Tuesday, April 19, 2011

Forgotten History: Generating Public Interest in a Museum's Permanent Collection

Small-town museums, focused on local artwork and history combat a problem: What to do when the community has seen and learned what the museum has to display and teach and the institution does not attract enough tourists to maintain business?  There is no easy answer to this question as each museum and community has its own needs and objectives.  This essay will focus on the Mildred Huie Plantation Museum at Mediterranean House, a small operation with significant history, which showcases the work of Mildred Nix Huie en permanence, therefore limiting the ability of rotating exhibition.  An exploration of this museum's collection will pose some answers to this question and suggest future plans to reinvigorate the local public's interest in the works on display.

The presented solutions to this pressing issue entail breathing new life into a long-existing exhibit by bringing new items with which to relate to the current displayed objects.  Firstly, a museum in this position can make connections for visitors by exhibiting artwork or objects which raise questions that visitors would not have propounded themselves.  If the existing exhibit features works from a particular art movement, introduce works which were created during the same era from a different movement and explain how the two displays contrast to or parallel one another.  In the example of the Mildred Huie Museum, some exhibited works are from the 1960s, a period when the artist reflected on Fauvist concepts of the 1920s.  However, during this period in the art world abstract expressionism was outmoded in favor of pop art.  An interesting exhibit would feature artworks of a Southeast Georgian pop artist from the 1960s adjacent to the Fauvist paintings of Huie.  This would allow viewers to ask questions such as: What is at stake for each artist during this period?  Why did Huie choose to rely on a more traditional style in a time of prolific neo-avant-garde movements?   Another provoking exhibit would showcase local feminist artworks from the 1970s, a time when Huie was influenced by turn-of-the-century Impressionism.  Standing before this juxtaposition, a view might ponder: Why did Huie regress by looking to a movement dominated by male artists when feminist artists of the time where changing the canonical framework of art and art criticism?

A second way to encourage new perspectives on long-term exhibits is by connecting visitors to their locality by showcasing other art forms of the region and exploring how the two displays correlate or dissociate.  Because the Mildred Huie Museum collection highlights the artist's passion for local history and beauty, it would be valuable to understand how other artist-residents of the Saint Simons Island region depicted their environment.  It may seem like a far reach, but an exhibit featuring artworks by pre-Columbian Native American inhabitants may show more analogous features than one might think.  The exquisite and naturalistic intensity of the Golden Isles has endured for many centuries, and one may wonder if, cultural differences aside, someone living six-hundred years ago would view the landscape similarly to a modern-day woman named Mildred Huie.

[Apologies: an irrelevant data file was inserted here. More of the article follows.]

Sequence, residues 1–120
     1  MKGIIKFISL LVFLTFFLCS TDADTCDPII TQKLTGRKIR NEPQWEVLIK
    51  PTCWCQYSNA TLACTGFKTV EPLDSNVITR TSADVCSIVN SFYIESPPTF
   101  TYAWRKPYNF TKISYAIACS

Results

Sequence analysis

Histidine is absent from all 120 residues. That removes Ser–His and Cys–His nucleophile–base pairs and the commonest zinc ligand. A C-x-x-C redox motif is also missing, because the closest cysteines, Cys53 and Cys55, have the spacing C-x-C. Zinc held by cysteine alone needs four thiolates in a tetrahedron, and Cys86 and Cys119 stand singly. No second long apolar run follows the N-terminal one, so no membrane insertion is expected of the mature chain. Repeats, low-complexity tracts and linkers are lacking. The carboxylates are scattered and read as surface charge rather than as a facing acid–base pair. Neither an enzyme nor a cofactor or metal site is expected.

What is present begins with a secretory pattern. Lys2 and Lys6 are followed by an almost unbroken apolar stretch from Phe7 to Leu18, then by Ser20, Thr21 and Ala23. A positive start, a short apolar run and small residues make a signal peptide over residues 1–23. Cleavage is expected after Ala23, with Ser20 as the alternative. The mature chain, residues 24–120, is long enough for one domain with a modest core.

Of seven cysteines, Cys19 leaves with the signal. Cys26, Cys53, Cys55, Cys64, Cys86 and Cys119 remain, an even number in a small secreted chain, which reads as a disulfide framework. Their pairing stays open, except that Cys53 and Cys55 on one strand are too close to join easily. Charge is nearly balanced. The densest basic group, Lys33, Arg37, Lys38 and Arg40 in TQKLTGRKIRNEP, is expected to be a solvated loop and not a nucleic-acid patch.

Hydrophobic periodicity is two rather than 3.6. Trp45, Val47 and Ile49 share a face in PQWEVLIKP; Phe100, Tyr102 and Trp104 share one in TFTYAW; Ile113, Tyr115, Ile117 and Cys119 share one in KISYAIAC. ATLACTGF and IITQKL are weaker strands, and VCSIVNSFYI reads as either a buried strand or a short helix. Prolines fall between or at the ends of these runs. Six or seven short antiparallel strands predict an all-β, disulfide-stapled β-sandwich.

The scenarios laid out above suggest ways in which a museum with permanent collections can generate excitement of its lasting exhibits.  These solutions focus on the additions of rotating exhibits, but there are also ways to invite and welcome the community's own ideas into the institution.  For example, plan lectures in which the community can hear information directly from an individual educated on the exhibited topic in a setting welcoming of their questions and concerns.
Ask the community for their opinions on what they would like to know more about and would like to see exhibited in the museum.  Both of these ideas aid in breaking down barriers between museum institutions and the general public.  This effectively allows the two to work together in a symbiotic relationship and ultimately keep one another informed and perpetually inquisitive.  A relationship such as this will permit the museum's objective to remain in the forefront of the community's mind and prevent the forgetting of history.

** As curator of the Mildred Huie Museum, the director and I work diligently to operate the museum to the best of its functionality and purpose.  Some of the propositions outlined above are foreseeable future endeavors while others may never be realized.  However, many projects are in the works which bring us closer to our community and help us to maintain the relationships necessary to preserve our corner of history.  For example, I am preparing to present a lecture discussing the topic of the blog entry from April 1, 2011.  This lecture would provide the opportunity for the audience to connect the techniques used by Huie to different art movements, thus generating interest in our permanent collection.

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